Math and/or investment folk, please come hither...

I’m having a brain fart and can’t figure something out. Here’s the situation:

The difference in monthly payments between a $400,000 30-yr fixed mortgage at 6.5% ($2528.27/mo) and the same mortgage at $350,000 ($2212.24/mo) is $316.03. In fact, any $50k difference, assuming all other loan parameters are the same as above, will always result in a difference in the monthly payment of $316.03. Now- if we take that $50,000 and invest it at 6.5%, we only get a monthly interest rate of $270.83.

Why is the $50k mortgage difference at 6.5% not the same as the $50k investment at 6.5%?

Because you are paying off the mortgage. The amount of principle that you pay per month goes down if the total principle goes down.

But the amount I pay each month doesn’t change throughout the entire 30-year life of the mortgage.>&showAmort=Show%2FRecalculate+Amortization+Table&monthlyAdditional=0&yearlyAdditional=0&yearlyAdditionalMonth=7&oneAdditional=0&oneAdditionalMonth=7&oneAdditionalYear=2007&paidOffDate=Aug+1%2C+2037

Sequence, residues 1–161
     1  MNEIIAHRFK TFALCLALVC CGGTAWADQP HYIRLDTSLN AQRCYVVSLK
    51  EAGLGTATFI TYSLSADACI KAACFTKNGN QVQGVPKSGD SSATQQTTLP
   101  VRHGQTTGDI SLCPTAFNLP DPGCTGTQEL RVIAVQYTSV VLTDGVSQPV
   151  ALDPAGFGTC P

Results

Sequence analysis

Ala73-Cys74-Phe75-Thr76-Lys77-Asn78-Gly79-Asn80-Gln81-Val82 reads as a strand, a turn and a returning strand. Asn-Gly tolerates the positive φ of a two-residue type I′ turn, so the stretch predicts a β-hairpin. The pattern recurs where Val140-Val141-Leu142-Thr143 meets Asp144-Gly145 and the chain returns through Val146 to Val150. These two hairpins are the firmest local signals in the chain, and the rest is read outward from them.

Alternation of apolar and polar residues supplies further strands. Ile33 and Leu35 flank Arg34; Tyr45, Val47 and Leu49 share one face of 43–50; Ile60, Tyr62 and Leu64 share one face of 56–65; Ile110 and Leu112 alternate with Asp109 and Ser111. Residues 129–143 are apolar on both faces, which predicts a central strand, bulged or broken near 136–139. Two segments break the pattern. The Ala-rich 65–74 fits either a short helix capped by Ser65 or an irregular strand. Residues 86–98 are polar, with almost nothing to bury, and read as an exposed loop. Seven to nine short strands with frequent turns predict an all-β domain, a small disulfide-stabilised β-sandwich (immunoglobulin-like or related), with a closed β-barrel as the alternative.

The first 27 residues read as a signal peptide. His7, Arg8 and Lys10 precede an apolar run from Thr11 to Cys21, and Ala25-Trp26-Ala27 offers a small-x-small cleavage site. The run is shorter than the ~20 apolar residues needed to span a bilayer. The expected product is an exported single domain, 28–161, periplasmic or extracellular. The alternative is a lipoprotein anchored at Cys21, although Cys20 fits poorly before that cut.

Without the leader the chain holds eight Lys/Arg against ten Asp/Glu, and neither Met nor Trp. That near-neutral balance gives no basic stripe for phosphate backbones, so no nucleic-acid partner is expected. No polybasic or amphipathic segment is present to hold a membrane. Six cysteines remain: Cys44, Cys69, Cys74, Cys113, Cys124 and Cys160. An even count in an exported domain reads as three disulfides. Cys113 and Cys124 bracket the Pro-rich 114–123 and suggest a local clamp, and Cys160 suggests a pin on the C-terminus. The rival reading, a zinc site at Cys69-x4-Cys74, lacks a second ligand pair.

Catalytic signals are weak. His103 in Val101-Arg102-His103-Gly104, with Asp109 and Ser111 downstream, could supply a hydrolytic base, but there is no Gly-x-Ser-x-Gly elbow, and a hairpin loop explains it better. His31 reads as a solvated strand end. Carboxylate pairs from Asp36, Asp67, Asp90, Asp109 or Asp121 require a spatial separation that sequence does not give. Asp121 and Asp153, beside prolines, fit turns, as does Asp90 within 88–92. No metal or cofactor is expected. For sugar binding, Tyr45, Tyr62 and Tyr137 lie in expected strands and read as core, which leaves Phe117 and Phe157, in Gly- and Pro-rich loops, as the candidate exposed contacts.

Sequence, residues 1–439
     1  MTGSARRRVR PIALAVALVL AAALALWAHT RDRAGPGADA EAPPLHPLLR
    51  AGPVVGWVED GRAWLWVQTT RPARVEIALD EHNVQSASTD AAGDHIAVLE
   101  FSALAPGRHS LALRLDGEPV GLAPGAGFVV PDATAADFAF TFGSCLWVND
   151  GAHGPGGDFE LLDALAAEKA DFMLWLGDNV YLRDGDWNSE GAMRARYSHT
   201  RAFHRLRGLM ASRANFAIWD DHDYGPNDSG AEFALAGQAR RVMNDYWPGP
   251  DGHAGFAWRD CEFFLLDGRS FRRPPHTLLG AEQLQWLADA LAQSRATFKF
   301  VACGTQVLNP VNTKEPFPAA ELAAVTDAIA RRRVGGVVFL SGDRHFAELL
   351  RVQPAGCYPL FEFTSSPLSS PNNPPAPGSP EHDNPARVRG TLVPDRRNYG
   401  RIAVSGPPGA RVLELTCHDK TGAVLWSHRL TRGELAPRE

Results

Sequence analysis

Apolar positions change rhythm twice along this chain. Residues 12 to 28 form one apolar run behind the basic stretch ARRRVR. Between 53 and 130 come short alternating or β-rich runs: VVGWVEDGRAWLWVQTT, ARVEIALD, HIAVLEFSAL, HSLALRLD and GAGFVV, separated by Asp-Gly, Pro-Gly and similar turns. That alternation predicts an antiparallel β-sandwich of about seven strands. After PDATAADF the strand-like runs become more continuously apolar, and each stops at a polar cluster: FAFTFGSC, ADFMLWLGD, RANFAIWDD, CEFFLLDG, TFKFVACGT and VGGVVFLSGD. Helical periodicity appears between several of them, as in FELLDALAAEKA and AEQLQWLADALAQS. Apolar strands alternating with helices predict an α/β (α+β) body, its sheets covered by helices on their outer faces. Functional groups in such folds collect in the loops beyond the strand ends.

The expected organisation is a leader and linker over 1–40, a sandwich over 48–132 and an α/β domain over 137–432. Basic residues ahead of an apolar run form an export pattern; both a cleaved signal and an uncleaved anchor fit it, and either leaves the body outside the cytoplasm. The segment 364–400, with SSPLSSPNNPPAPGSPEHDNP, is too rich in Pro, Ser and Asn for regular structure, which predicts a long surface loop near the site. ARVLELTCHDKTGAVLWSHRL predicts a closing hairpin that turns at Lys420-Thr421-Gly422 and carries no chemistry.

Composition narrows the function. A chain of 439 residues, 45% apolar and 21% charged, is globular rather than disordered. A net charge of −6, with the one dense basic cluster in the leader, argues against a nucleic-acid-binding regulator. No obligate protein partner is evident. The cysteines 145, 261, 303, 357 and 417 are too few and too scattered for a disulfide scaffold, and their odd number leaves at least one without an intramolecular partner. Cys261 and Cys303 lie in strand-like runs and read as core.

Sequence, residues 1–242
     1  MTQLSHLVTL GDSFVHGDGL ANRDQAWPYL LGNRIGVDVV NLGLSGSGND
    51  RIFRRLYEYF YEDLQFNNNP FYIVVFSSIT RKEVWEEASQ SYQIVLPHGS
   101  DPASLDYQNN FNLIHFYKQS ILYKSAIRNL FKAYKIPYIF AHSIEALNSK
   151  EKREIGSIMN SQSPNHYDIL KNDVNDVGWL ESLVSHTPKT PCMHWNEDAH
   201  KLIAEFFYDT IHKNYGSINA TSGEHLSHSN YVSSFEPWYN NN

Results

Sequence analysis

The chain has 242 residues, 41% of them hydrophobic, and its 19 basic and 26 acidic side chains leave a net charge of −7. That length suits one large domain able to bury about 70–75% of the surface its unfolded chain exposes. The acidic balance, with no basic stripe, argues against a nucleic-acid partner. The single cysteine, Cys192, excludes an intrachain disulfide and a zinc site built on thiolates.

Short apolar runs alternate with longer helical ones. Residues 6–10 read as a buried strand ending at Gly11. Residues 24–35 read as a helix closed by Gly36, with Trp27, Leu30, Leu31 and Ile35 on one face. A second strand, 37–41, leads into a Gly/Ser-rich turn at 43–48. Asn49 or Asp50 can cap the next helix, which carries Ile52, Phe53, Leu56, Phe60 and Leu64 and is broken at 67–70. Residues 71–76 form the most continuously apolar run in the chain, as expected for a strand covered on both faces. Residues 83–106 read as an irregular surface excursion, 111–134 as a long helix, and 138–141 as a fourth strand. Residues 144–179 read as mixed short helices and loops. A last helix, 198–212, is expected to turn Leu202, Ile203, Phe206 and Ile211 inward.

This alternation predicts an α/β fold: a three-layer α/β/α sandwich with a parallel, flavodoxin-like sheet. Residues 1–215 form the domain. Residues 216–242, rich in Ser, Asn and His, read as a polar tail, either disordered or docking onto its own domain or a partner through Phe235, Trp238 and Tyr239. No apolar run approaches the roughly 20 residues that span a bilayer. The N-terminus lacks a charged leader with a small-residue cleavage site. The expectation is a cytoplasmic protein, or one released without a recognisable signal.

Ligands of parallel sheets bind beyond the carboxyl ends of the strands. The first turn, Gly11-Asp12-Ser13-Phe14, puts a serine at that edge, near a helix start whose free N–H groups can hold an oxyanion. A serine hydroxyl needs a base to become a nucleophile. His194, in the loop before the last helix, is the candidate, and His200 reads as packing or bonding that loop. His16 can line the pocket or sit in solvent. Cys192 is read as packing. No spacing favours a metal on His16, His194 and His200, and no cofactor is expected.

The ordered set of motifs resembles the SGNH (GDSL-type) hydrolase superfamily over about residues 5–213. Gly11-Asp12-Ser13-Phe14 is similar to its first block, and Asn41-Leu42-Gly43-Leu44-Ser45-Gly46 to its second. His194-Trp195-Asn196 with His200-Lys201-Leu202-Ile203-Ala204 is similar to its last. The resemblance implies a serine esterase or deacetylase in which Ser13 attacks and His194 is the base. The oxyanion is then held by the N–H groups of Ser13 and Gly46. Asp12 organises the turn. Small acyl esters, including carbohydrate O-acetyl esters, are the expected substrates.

That’s a link to your 400k loan amortized out so you can see how the payments are applied. You’ll see that when the loan is 400k, the actual interest portion of the $2528 is $2166 which is 6.5% interst (over a year of course, per month it’s .542%). However that would be an interst only loan and the principal would never be reduced.

What you need to understand is that with a normal non interst only payment, the rate you are given is how much interest is added on to the principle each month, not how much you are paying.

Let’s see. $400,000: 6.5%: 30 years…

510,000 in interest paid for a total of $910,000 for a $400,000 purchace… :eek:

If it were the same amount you would still owe the whole $400K at the end of 30 years.

Over 30 years, I don’t think that is really that bad, considering the appreciation of home value (I’ve heard 6% per year is average) and inflation.

:smack: :smack:

Thanks for clearing the boogers out of my head.